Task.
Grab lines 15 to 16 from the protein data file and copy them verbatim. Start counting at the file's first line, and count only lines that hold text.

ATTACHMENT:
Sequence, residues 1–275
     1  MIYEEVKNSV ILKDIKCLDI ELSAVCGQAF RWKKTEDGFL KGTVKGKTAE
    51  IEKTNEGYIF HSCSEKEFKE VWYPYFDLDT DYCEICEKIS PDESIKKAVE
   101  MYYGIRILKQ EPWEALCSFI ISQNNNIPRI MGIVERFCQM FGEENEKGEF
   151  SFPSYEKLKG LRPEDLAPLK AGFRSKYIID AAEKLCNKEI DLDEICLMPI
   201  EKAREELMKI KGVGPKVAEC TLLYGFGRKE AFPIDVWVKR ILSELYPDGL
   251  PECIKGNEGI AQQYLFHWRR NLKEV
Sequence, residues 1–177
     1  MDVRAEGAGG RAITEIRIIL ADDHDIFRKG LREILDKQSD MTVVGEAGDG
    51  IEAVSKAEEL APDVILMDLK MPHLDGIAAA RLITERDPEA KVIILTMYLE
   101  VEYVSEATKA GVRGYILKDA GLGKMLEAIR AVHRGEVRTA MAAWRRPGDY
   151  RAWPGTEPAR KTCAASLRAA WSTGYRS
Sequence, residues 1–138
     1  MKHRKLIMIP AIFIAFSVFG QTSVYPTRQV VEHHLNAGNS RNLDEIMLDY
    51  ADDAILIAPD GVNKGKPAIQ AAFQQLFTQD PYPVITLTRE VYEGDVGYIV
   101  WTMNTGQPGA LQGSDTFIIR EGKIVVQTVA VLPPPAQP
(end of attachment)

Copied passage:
    51  ADDAILIAPD GVNKGKPAIQ AAFQQLFTQD PYPVITLTRE VYEGDVGYIV
   101  WTMNTGQPGA LQGSDTFIIR EGKIVVQTVA VLPPPAQP